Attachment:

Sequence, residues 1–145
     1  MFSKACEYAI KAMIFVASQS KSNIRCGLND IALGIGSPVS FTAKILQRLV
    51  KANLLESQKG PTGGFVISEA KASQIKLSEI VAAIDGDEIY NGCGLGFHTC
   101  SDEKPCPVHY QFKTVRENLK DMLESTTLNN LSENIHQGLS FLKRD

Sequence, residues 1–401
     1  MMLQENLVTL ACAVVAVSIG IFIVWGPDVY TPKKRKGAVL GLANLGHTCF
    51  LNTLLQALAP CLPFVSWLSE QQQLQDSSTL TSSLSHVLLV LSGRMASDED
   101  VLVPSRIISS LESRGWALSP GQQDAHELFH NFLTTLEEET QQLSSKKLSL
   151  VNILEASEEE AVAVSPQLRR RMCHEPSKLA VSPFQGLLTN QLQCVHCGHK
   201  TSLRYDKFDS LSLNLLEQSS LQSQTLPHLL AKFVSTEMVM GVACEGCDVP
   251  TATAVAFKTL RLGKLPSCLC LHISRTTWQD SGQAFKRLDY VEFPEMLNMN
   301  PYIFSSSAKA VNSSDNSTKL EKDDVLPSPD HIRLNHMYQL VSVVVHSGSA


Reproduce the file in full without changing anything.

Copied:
Sequence, residues 1–145
     1  MFSKACEYAI KAMIFVASQS KSNIRCGLND IALGIGSPVS FTAKILQRLV
    51  KANLLESQKG PTGGFVISEA KASQIKLSEI VAAIDGDEIY NGCGLGFHTC
   101  SDEKPCPVHY QFKTVRENLK DMLESTTLNN LSENIHQGLS FLKRD

Sequence, residues 1–401
     1  MMLQENLVTL ACAVVAVSIG IFIVWGPDVY TPKKRKGAVL GLANLGHTCF
    51  LNTLLQALAP CLPFVSWLSE QQQLQDSSTL TSSLSHVLLV LSGRMASDED
   101  VLVPSRIISS LESRGWALSP GQQDAHELFH NFLTTLEEET QQLSSKKLSL
   151  VNILEASEEE AVAVSPQLRR RMCHEPSKLA VSPFQGLLTN QLQCVHCGHK
   201  TSLRYDKFDS LSLNLLEQSS LQSQTLPHLL AKFVSTEMVM GVACEGCDVP
   251  TATAVAFKTL RLGKLPSCLC LHISRTTWQD SGQAFKRLDY VEFPEMLNMN
   301  PYIFSSSAKA VNSSDNSTKL EKDDVLPSPD HIRLNHMYQL VSVVVHSGSA